The 82nd Annual Meeting of the American Association of Physical Anthropologists (2013)

Ontogenetic changes in the human tibial and femoral diaphyses: Mechanobiological analysis of cortical shape from a whole-bone perspective


1Department of Anthropology, The Ohio State University, 2McDonald Institute for Archaeological Research, Cambridge University, 3Department of Anthropology, Pennsylvania State University, 4Center for Quantitative Imaging, EMS Energy Institute, Pennsylvania State University

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It is well-established that cortical bone geometry of weight-bearing bones is in part related to mechanical loading history. During ontogeny, load patterns shift in association with growth and gait maturation, resulting in changing bone morphology. We test the hypothesis that ontogenetic patterns of cross sectional cortical shape change in the human femoral and tibial diaphyses are age- and anatomical site-specific. Femora (n=46) and tibiae (n=47) ranging developmentally from neonatal to skeletally mature were obtained from the Norris Farms No. 36 skeletal series, an Oneota Native American assemblage (ca. A.D. 1300). Whole bones underwent high resolution x-ray CT scanning at the Pennsylvania State Center for Quantitative Imaging with size-specific resolutions ranging from 0.013 to 0.094 mm. Whole-diaphysis cortical drift patterns and relative bone envelope modeling activity across ages were assessed in five locations per bone (20, 35, 50, 65, and 80% of total bone length) by measuring the distance from the section centroid to the endosteal and periosteal margins in eight sectors in ImageJ. Changes in the periosteal/endosteal surfaces and cortical width were recorded for each diaphyseal slice. Correlation between age and the ratio of maximum to minimum bending rigidity (Imax/Imin) was tested at each slice location. Results show that cortical shape changes are most strongly associated with age in the femoral extremities (20 and 80%) and tibial proximal diaphysis (80%), indicating that these locations may be more sensitive to developmental mechanical load shifts than the midshaft. These findings highlight the utility of additional anatomical locations for bioarchaeologists investigating physical activity.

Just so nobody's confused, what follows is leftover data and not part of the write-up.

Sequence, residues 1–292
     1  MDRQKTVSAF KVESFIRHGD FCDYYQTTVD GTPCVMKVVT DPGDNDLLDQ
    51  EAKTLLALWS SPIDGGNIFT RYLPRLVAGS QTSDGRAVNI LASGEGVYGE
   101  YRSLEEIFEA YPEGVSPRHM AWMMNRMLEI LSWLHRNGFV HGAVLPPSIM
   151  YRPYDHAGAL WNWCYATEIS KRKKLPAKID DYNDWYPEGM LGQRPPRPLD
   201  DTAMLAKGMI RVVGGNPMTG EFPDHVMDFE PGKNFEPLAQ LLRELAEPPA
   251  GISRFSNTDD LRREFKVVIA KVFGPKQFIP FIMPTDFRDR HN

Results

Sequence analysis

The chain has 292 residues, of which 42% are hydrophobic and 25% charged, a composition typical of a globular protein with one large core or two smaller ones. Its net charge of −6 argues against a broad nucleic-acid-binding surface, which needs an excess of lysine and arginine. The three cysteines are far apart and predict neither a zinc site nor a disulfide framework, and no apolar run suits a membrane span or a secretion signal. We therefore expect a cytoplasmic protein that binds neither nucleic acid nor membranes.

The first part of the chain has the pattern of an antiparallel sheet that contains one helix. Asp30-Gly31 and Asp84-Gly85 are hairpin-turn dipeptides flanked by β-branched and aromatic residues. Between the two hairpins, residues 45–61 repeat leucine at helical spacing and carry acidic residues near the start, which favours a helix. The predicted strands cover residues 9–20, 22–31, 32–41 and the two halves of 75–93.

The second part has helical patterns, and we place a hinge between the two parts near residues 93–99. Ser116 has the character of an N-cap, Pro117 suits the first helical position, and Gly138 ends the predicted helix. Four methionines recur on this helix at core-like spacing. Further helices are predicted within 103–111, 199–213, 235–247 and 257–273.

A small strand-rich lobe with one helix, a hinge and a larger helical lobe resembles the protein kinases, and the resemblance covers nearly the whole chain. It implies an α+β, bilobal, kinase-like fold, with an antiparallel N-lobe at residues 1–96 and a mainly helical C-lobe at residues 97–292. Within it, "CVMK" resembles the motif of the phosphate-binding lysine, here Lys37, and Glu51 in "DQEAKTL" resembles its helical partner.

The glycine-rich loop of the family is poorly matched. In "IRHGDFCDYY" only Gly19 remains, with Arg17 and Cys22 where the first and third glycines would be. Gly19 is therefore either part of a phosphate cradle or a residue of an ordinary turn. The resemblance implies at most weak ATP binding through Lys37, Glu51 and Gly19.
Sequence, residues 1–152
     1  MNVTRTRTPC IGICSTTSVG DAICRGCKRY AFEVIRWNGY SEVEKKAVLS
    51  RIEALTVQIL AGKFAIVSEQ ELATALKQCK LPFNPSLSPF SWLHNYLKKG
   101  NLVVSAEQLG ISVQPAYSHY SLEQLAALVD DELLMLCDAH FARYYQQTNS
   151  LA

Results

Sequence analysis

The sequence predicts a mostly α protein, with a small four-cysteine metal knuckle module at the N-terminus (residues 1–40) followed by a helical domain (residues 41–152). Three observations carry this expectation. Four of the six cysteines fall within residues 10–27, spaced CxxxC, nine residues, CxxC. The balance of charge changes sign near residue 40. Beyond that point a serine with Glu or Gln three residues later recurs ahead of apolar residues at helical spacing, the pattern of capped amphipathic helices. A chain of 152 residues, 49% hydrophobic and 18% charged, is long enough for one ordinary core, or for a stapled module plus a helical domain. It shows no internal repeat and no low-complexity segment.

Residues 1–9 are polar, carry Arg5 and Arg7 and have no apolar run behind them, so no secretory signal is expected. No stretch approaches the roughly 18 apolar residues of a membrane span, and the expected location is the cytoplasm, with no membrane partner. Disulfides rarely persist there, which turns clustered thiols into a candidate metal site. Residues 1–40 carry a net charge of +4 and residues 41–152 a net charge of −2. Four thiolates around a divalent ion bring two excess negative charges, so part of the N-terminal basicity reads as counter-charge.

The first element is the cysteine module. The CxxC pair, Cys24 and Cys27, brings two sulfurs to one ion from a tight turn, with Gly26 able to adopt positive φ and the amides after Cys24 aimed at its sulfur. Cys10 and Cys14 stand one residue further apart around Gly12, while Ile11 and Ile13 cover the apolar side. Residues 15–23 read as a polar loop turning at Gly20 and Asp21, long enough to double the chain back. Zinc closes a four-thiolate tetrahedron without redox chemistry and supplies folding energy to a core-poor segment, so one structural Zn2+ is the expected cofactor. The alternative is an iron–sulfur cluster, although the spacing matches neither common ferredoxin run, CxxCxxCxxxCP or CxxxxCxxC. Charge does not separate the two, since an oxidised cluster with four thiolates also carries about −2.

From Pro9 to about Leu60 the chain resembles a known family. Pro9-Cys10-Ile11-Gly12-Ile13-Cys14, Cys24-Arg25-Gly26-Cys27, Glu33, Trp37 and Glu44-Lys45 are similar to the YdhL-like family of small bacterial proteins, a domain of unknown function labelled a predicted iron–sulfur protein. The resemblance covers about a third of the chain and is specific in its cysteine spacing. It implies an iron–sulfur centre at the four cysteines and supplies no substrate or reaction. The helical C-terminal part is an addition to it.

Grant Sponsor: NSF grant number BCS-1028799 (JHG and TMR)

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